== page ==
Colombian Football Fans are Terrifying and Amazing

In my first post about my amazing trip to Colombia, I promised a story about tear gas – and here it comes! There’s also another story in here about the worst bus ride in the entire history of bus rides.

While I was wandering around Medellin, my friend Theresa was industriously making plans for our evening. The plan was to go to a soccer game (sorry, I guess it’s called football) with a group of Aussie boys that Theresa knew from her time in Nicaragua. I am absolutely not a sports fan, but a lot of articles I read talked about how totally insane and cool football games in South America are.

The Football Game

Insane: yep. That’s the word for it. I’ve never experienced such fervor for sports, or even anything close. So apparently the game we were going to was special: Medellin itself has two teams, and they were playing eachother in their shared stadium. The rivalry is so intense that at each game like this one, only fans of one team are allowed to attend. There’s also no alcohol served.

These games are also notorious for being insanely dangerous, despite the limits on who can come. Partway through the game our friends started telling us stories about people bringing machetes, SWAT teams coming out, etc, and we dismissed them as tall tales. That is, until we looked down and saw a SWAT team. Ah.

Regardless of our newfound concerns, the atmosphere of the game was just absolutely mesmerizing. There’s one particularly enthusiastic section, which takes up about a third of the arena, and for the entire game they were on their feet singing, chanting and jumping. They bring their own marching band. They have so many flags.

I’ve never seen anybody with so much energy, nor do I understand how they all remember the words to so many songs.

But there was another section of fans, right below where we were sitting: we referred to them as the hooligans. They seemed to be  young and slightly more insane than the rest of the fans, with weirdly disturbing flags and just a strange, charged atmosphere. That’s where the SWAT team was standing.

After the Game

As soon as the game ended, despite the fact that the team that everybody was supporting won, this section started freaking out. The SWAT team surrounded the hooligans, who began to throw chairs and beat eachother with metal rods. THAT was fun.

I’ve never been so thankful to be with a bunch of tall Aussie guys, rather than alone with another small female friend. We hurried away, simultaneously desperate to leave and intrigued by the scene. Then we watched people start to cough and hack, before beginning to do so a little bit ourselves. “Is that tear gas??” Yep it was!! Awesome… Throwing our intrigue to the side, we focused on the hurrying out.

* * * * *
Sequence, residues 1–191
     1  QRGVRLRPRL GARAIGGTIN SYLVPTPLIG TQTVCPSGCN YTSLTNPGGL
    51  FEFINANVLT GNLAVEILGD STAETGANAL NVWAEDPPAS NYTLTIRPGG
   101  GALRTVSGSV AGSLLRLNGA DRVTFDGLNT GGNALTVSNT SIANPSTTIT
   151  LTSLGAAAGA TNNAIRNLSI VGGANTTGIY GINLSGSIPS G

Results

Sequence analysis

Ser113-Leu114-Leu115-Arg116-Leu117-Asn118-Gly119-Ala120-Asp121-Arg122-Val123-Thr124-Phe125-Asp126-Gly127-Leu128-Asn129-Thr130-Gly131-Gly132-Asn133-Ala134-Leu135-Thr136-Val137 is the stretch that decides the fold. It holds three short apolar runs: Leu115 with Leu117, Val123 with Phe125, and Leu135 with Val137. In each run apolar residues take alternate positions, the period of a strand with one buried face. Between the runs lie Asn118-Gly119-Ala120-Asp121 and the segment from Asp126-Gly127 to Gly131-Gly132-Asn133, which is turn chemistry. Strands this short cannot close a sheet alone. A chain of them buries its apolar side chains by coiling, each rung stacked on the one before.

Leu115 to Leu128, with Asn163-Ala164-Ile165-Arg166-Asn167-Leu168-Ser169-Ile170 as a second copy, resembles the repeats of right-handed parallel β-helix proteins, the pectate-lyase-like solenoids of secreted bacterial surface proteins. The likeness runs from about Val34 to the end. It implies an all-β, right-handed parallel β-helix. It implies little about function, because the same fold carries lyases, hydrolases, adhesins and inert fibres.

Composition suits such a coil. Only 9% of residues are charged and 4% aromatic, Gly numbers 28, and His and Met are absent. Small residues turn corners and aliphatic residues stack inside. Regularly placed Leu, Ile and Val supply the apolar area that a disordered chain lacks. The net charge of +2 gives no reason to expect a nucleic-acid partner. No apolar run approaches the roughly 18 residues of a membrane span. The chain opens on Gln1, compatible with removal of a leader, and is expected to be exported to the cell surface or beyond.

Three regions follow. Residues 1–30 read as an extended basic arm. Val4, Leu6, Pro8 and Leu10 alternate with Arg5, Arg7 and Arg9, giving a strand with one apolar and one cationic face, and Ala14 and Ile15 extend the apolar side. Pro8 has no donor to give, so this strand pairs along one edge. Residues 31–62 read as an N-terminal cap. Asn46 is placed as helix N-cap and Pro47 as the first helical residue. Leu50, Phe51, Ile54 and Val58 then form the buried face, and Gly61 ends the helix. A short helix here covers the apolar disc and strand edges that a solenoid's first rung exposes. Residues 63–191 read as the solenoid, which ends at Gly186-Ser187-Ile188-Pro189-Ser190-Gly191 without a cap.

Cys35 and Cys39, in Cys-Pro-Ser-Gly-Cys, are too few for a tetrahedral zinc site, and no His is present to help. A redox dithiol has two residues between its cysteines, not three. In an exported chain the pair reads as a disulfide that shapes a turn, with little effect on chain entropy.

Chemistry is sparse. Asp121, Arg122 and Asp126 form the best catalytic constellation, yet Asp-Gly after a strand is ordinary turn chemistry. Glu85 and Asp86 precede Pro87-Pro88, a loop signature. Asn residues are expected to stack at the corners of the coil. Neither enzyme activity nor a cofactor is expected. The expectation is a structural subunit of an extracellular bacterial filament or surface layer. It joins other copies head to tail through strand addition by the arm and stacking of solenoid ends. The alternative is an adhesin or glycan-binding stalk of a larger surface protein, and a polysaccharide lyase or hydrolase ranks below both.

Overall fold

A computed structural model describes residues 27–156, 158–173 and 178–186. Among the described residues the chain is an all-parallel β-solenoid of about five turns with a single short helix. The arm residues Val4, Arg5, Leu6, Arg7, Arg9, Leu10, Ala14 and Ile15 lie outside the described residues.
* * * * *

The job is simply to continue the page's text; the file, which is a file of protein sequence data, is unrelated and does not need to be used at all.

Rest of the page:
The Bus Ride

I could write a legitimate novel about this bus ride because I have so much to say and so much rage within me. Theresa, our new German friend Anne and I were on our way to Cartagena. From Minca, we took a colectivo to Santa Marta and got out as close to the bus station as we could. There, we asked somebody where we could catch a bus to Cartagena and we were ushered to a minibus – I think the company was Flamingo.

The first half was fine – I slept, read, listened to music and watched the world go by. The weirdest part was when I looked out of my window just as we were going onto a bridge and saw a bunch of guys wearing terrifying animal masks, or balaclavas – and holding baseball bats. They were right up by our windows and it was jarring, but nothing happened – we just drove on by. Still no idea what that was all about.

The three of us were very close after our awful experience on the bus.

Then, the fun started. We got to Barranquilla and stopped to drop off and collect people – and we moved to some of the single seats to have more space. Worst choice ever. Around 12 young-ish guys wearing football jerseys got on, and immediately surrounded us and started yelling.

The next three hours were completely awful. They screamed, constantly took shots of liquor, snorted cocaine directly out of a baggy, and were generally obnoxious. But that wasn’t the worst part. We pretended not to understand Spanish so they’d hopefully ignore us, but we understood every disgusting thing they said about and to us.

We immediately jumped in the pool when we got off this bus and into our hostel.

The guy next to me tried to borrow my water, groping my leg in an attempt to “ask me a question”. He offered me cocaine and alcohol multiple times and was sitting so close to me that I was pressed up against the window, holding in tears and playing my music as loudly as possible in an attempt to drown out the disgusting things coming out of his mouth.

I have been angry before, and I have been anxious before, but I have never felt so much rage and to be honest, so much fear. It was a very unsettling experience, and I don’t believe we were in any real danger – the bus attendants were watching the situation and you could tell they felt bad for us and would step in if necessary. But still – it really, really sucked.

I bet these guys were the hooligan fans.

I just want to make it clear that despite these two experiences, I have zero regrets about my trip to Colombia. I wish neither of these things had happened, but I made it through by being smart and taking precautions, and they have no impact on how fondly I remember my first trip to South America.

Practical Info

You can buy tickets to a football match at the stadium which is fairly central in Medellin. We paid 40,000 COP but you can get them for cheaper. Don’t take anything valuable and I probably wouldn’t go alone.

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